Lying under oath is punishable under the Revised Penal Code of the Philippines as the crime of Perjury. The crime of perjury is committed by any person who shall knowingly make untruthful statements or make an affidavit, upon any material matter and required by law. It is punishable by imprisonment of up to 2 years and four months.
Law Punishing the Crime of Perjury
Specifically, Article 183 of the Revised Penal Code defines and penalizes the crime of Perjury, as follow:
“Art. 183. False testimony in other cases and perjury in solemn affirmation. – The penalty of arresto mayor in its maximum period to prision correccional in its minimum period shall be imposed upon any person who, knowingly make untruthful statements and not being included in the provisions of the next preceding articles, shall testify under oath, or make an affidavit, upon any material matter before a competent person authorized to administer an oath in cases in which the law so requires. x x x” [Emphasis and underscoring supplied.]
Elements of the Crime of Perjury
The elements of Perjury, culled from Article 183 of the Revised Penal Code, are as follows:
“(a) The accused made a statement under oath or executed an affidavit upon a material matter;
(b) The statement or affidavit was made before a competent officer authorized to receive and administer oaths;
(c) In the statement or affidavit, the accused made a willful and deliberate assertion of a falsehood; and
(d) The sworn statement containing the falsity is required by law or for a legal purpose.” (Reyes, Luis B., The Revised Penal Code Book II, p. 272, 1998 Ed.)
The First Element of Perjury: A False Statement upon a Material Matter
The first element of the crime of Perjury requires the offender to a) make a statement under oath, and b) upon a material matter. Therefore, not all lies made in an affidavit or other statement under oath can be subject of a perjury complaint. The Revised Penal Code further requires that the lie, made under oath, must be upon a material matter.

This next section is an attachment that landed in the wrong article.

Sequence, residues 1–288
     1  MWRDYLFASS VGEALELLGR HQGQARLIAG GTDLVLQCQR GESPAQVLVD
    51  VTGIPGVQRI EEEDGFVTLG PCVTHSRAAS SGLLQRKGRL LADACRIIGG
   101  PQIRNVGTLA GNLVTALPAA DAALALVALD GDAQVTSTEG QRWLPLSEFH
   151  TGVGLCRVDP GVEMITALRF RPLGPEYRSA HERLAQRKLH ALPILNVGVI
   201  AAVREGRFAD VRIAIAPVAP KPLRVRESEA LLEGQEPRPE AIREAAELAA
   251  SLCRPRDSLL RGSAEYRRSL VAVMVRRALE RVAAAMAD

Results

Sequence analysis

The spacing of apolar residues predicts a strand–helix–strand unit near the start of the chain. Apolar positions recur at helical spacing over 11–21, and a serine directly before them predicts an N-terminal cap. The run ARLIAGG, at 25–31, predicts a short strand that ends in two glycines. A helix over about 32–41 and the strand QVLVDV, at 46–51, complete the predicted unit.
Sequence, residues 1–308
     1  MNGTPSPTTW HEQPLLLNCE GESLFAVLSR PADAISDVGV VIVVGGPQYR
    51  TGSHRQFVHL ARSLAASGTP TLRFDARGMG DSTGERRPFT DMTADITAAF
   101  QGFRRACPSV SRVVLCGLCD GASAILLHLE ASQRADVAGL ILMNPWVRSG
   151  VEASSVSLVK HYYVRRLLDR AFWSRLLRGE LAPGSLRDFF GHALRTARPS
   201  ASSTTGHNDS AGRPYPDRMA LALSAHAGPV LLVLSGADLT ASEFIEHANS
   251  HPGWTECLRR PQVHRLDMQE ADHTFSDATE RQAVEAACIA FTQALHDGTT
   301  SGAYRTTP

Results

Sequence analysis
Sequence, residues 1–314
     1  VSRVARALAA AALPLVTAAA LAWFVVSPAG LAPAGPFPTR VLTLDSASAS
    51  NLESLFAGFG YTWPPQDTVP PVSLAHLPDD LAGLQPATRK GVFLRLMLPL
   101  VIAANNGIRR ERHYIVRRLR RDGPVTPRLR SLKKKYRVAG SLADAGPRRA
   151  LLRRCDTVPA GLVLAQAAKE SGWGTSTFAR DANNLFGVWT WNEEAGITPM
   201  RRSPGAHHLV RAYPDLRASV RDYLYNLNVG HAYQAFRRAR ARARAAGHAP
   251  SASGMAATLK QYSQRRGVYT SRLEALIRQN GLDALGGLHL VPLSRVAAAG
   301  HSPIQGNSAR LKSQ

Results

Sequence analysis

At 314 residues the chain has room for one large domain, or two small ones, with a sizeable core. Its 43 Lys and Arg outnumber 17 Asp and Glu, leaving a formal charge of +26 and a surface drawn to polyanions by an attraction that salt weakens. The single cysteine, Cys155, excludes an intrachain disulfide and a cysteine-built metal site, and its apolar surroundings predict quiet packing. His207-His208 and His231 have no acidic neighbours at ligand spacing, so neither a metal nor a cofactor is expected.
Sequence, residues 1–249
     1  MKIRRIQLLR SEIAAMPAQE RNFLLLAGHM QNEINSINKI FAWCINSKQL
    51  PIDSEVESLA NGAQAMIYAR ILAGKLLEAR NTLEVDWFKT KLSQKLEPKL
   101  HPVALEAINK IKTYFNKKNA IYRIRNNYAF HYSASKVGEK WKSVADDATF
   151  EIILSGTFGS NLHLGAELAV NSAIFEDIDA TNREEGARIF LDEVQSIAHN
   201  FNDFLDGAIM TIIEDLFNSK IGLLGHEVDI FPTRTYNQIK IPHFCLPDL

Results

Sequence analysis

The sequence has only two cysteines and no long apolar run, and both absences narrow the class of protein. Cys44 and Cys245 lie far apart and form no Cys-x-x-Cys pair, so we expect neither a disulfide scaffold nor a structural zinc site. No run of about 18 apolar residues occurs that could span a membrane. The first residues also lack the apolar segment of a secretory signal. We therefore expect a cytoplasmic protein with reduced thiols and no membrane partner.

A material matter has been defined as the main fact, which is the subject of the inquiry, or any fact or circumstance which tends to prove that fact, or any fact or circumstance which tends to corroborate or strengthen the testimony relative to the subject of inquiry, or which legitimately affects the credit of any witness who testifies. (Masangkay vs. People, G.R. No. 164443, 18 June 2010.) Thus, where, for example, a false statement is made as regards the address of a person, in an affidavit concerning a vehicular collision to be submitted with an insurer, and the vehicular collision occurred somewhere else (the false address being part of the document as a requirement of form but not a legal requirement) such false statement, while deplorable, is not actionable as Perjury under the Revised Penal Code, because the address of a person, under such circumstances, is neither the main subject of the inquiry, or a main fact.
The Second Element of Perjury: Before a Person Competent to Administer Oath
As for the second requirement, all that the law requires is the sworn statement or affidavit containing the falsehood be made before a person competent to administer oaths. A notary public is the most common example of a person authorized to administer oaths. Also, certain public officers are granted such power or authority, in relation to the exercise of their functions, such as policemen, who in certain capacities, can subscribe to a sworn statement, thereby fulfilling the legal requisite.